I started out just observing him on hunts and ended up throwing myself into solo hunting, falling more and more in love with the pursuit. Now, I hunt for meat, for adventure, and to feel a deeper connection to our natural world.

 

TRCP: What inspires you as a sportswoman in conservation?

D’ANDREA: I absolutely love exploring Western landscapes—they are truly awe-inspiring. The more I see, the more I’m inspired to safeguard wildlife, wild places, and my right to explore.

 

TRCP: Can you share a recent epiphany you’ve had about conservation and your role as a sportswoman?

D’ANDREA: I’ve come to realize that there are people from all walks of life who care about conservation. Whether you are a hunter, climber, urbanite, or all three, it doesn’t matter. If we all care about the same issues, then it’s only natural that we should all work together. Of course, there will be areas where we won’t see eye to eye, and that is OK. It’s more about joining together where there is common ground for the greater good of wildlife and habitat.

As sportswomen, we are a piece of that puzzle. It’s our responsibility to not only join that conversation, but contribute to it.

 

TRCP: Why do you think it’s so important for women to speak out?

D’ANDREA: Because anyone who cares about conservation and has something powerful to contribute deserves to be heard. And with the creation of niche conservation groups like Artemis, it becomes easier to amplify those voices.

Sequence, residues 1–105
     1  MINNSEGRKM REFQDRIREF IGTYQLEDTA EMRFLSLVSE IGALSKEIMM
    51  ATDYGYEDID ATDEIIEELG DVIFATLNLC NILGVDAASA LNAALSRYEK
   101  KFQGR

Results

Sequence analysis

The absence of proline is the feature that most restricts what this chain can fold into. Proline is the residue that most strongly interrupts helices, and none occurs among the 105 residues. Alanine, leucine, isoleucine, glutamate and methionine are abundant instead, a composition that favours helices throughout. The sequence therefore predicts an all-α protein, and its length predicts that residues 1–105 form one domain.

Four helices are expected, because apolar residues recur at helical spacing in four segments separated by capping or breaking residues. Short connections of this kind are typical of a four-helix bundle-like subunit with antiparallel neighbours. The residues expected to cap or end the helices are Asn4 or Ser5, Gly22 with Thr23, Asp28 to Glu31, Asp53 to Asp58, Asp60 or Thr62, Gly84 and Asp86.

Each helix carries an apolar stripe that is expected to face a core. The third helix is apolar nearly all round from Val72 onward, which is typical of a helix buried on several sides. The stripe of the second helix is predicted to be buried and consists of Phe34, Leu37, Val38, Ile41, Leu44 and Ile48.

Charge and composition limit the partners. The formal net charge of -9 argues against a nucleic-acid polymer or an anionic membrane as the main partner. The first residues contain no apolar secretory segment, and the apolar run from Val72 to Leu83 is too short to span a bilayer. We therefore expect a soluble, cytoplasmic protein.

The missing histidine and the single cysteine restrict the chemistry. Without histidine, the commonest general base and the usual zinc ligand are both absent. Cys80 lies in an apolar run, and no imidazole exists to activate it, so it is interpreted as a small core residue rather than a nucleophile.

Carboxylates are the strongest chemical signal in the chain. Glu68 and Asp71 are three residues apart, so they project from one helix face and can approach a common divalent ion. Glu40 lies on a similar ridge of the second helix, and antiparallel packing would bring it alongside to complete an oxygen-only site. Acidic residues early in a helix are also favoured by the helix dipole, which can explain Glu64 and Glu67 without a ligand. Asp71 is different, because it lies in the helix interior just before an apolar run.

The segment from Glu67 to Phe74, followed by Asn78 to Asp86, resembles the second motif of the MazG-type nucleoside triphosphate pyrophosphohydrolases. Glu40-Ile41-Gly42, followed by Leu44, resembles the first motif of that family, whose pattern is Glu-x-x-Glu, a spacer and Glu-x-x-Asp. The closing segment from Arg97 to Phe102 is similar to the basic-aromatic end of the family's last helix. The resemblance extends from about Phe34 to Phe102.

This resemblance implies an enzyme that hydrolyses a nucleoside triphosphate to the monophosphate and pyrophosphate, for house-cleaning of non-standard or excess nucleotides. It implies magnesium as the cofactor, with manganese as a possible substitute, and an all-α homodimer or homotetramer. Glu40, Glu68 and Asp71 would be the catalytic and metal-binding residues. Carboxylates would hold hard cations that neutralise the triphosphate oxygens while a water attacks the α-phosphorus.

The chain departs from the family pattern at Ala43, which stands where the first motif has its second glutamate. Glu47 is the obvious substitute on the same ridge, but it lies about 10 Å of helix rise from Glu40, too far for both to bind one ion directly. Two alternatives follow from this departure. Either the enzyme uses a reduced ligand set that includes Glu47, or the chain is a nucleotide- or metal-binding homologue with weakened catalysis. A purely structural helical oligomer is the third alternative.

TRCP: What do you see as the biggest impediment for women who want to get into hunting, fishing, and conservation?

D’ANDREA: As the social norms have started to shift, the biggest challenge might be finding mentors. Personally, I was surrounded by such a welcoming group of men willing to help me learn. I would have been lost without them.

 

TRCP: How are you using your platform to promote R3 and make sure a new generation of sportswomen are introduced into this community?

D’ANDREA: On social media, I’m trying to create a safe place for anyone to be part of the conversation, from folks who are brand new to hunting to those with decades of experience. You can never stop learning, and I try to highlight the joy of learning in my own journey, hoping to inspire others to do the same!

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October 26, 2017

An Everglades Restoration Project Could Help Florida Recover from Hurricane Irma

Moving water south from Lake Okeechobee into the Everglades has been a goal for decades, but securing funding for and breaking ground on the project could end up helping hurricane-ravaged South Florida recover just as much as the fish habitat

While parts of Florida are steadily recovering from the devastation of Hurricane Irma’s vicious winds and storm surge, rural communities like Everglades City and Chokoloskee—home to fishing guides, marina owners, and others who make a living from the popularity of sportfishing—have a tougher road ahead. For these towns to recover, become more resilient, and continue to welcome countless anglers, there are a number of immediate and long-term challenges to overcome.

 

Home and Habitat Damage

Initial damage assessments concluded that more than half the houses in Everglades City were destroyed and 95 percent of area businesses were closed. Running water and electricity wasn’t available for weeks, and area sewage treatment failed, with sewage backing up into the streets. While basic utilities have been restored in the last month, many of the areas where vacationing anglers would stay and the homes where locals and guides live are still in disrepair.